In Bernanke We Trust
If the Fed still has room to juice the economy without threatening price stability, why doesn’t it?
Daniel Altman is Big Think's Chief Economist and an adjunct faculty member at New York University's Stern School of Business. Daniel wrote economic commentary for The Economist, The New York Times, and The International Herald Tribune before founding North Yard Economics, a non-profit consulting firm serving developing countries, in 2008. In between, he served as an economic advisor in the British government and wrote four books, most recently Outrageous Fortunes: The Twelve Surprising Trends That Will Reshape the Global Economy.
The Federal Reserve differs from many other central banks by having a dual mandate: maximum employment and stable prices. Lately, pundits on the left have accused the Fed of not doing enough on either count. Are they right?
The Fed’s goals can come into conflict sometimes, for example, when boosting employment by injecting fresh money into the financial system would also create inflation. The Fed’s job is to balance the two, all the while striving to maintain moderate long-term interest rates. That doesn’t appear to be necessary right now, though.
At the moment, employment is probably far below its maximum. The unemployment rate is 7.7%, which is high even if you think that the so-called “natural rate” – the level of unemployment when the economy is producing at its full potential – has risen in the past several years. Last January, the Fed said that it would target 2 percent inflation, but over the following year prices rose by only 1.6%. Arguably, inflation should be higher than the target, not lower, if the Fed is doing everything possible to reduce unemployment.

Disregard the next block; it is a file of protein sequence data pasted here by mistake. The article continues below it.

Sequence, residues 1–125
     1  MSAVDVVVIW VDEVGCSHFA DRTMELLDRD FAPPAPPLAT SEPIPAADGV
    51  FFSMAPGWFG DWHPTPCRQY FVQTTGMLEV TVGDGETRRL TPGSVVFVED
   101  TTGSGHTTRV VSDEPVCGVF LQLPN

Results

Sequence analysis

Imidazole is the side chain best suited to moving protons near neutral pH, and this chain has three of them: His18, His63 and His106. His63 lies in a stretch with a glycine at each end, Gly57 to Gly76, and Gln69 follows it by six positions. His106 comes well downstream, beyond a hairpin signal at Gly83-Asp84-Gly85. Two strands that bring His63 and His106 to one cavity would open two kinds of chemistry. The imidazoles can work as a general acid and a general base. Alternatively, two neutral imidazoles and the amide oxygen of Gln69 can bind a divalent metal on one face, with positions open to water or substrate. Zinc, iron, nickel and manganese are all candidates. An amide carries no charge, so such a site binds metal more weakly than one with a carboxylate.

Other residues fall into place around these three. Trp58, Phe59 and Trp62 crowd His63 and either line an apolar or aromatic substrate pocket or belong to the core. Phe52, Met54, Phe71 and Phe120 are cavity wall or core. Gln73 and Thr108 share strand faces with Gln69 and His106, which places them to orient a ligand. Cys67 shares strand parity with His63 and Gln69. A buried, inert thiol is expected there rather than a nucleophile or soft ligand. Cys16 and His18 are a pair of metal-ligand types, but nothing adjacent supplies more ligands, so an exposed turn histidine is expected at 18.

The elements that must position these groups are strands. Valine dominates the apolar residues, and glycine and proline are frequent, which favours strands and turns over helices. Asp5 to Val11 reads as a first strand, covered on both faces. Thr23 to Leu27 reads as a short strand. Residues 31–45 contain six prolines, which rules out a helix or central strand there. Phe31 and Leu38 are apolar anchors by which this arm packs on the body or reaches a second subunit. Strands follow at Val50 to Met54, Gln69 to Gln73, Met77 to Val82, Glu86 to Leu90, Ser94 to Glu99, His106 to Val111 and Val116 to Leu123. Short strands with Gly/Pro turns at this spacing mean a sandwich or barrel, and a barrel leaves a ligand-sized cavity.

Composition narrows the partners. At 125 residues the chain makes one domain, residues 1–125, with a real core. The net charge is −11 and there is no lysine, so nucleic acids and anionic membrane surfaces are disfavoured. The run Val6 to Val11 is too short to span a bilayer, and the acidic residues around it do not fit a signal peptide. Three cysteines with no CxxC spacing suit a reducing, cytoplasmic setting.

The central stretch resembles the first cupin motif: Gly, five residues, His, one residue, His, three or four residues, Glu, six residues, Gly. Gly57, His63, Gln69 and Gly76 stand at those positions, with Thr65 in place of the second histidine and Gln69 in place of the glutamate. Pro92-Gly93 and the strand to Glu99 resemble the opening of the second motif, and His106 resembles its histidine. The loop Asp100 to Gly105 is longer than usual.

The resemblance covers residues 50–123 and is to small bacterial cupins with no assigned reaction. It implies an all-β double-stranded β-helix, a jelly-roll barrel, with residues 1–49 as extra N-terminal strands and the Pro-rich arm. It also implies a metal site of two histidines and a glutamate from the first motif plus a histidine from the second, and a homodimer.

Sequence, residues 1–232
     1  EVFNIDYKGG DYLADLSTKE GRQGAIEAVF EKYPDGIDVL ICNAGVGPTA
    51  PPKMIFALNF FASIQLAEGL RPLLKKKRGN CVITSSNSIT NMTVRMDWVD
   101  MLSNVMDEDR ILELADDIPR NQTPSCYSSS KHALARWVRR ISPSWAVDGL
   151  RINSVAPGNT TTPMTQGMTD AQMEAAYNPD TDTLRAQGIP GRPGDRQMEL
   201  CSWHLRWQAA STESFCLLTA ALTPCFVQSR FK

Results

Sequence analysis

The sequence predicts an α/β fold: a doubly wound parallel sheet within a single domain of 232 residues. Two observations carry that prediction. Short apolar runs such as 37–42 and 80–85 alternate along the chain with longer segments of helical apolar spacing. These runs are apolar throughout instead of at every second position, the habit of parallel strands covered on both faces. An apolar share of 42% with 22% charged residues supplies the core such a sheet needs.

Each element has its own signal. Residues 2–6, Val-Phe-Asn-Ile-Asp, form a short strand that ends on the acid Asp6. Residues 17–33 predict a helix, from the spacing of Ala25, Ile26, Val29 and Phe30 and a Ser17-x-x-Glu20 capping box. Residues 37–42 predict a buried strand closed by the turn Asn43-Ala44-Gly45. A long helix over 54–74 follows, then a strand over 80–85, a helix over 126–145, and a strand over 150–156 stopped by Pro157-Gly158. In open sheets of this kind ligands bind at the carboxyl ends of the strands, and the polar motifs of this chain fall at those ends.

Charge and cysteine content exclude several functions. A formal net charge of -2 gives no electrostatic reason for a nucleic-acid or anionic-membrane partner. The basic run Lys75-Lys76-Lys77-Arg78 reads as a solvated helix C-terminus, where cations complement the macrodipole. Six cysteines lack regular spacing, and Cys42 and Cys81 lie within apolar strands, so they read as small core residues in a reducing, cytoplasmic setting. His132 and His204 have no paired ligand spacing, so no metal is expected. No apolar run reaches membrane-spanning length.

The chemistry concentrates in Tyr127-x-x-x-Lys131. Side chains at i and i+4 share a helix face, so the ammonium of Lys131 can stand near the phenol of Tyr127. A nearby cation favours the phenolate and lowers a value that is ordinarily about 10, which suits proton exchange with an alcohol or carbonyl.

So what’s going on here? If the Fed still has room to juice the economy without threatening price stability, why doesn’t it? Perhaps Ben Bernanke, the Fed chair, is responding to pressure from the Republican Party in Congress, which has warned the Fed several times to curtail or stop its “quantitative easing”, its aggressive strategy of buying securities in the bond and mortgage markets. Or maybe the Fed is worried that it might create another housing bubble by prolonging the nation’s apparent addiction to cheap credit.
In fact, the most likely explanations are fare more mundane, according to Paul Wachtel, an expert on central banking and my colleague in the economics department at New York University’s Stern School of Business. For him, it’s all about the Fed’s expectations for the effectiveness of its own actions. “The Fed thinks that its approaches to quantitative easing have done what they were designed to do: bring down long-term interest rates,” he said in our conversation this week. “They think that the policy has been effective in boosting growth, albeit anemic growth. Further quantitative easing cannot do much more to lower long rates, which are at historical lows.”
Paul said the Fed is aware of the possibility that its balance sheet is growing too quickly and may be vulnerable to some losses, but it isn’t too concerned yet. For him, if the Fed’s governors thought that additional action would help the economy to recover, then they’d be doing it already. After all, many of them are excellent economists, and they all have access to the same data that the rest of us see, in some cases before we get to see it.
As for the influence of Congress, Paul dismissed the fear of a political backlash against the governors. “They have done more than enough to make certain elements in Congress angry,” he said. “I really think Bernanke is committed to what he can accomplish in an uncertain and unprecedented world and is not concerned about his image in Congressional circles.”
That’s exactly the stance a Fed chair is supposed to take. Preserving the Fed’s independence is essential to maintaining the credibility of monetary policy. As for the direction and pace of that policy, plenty of economists are still willing to trust Bernanke’s judgment – even if the pundits aren’t.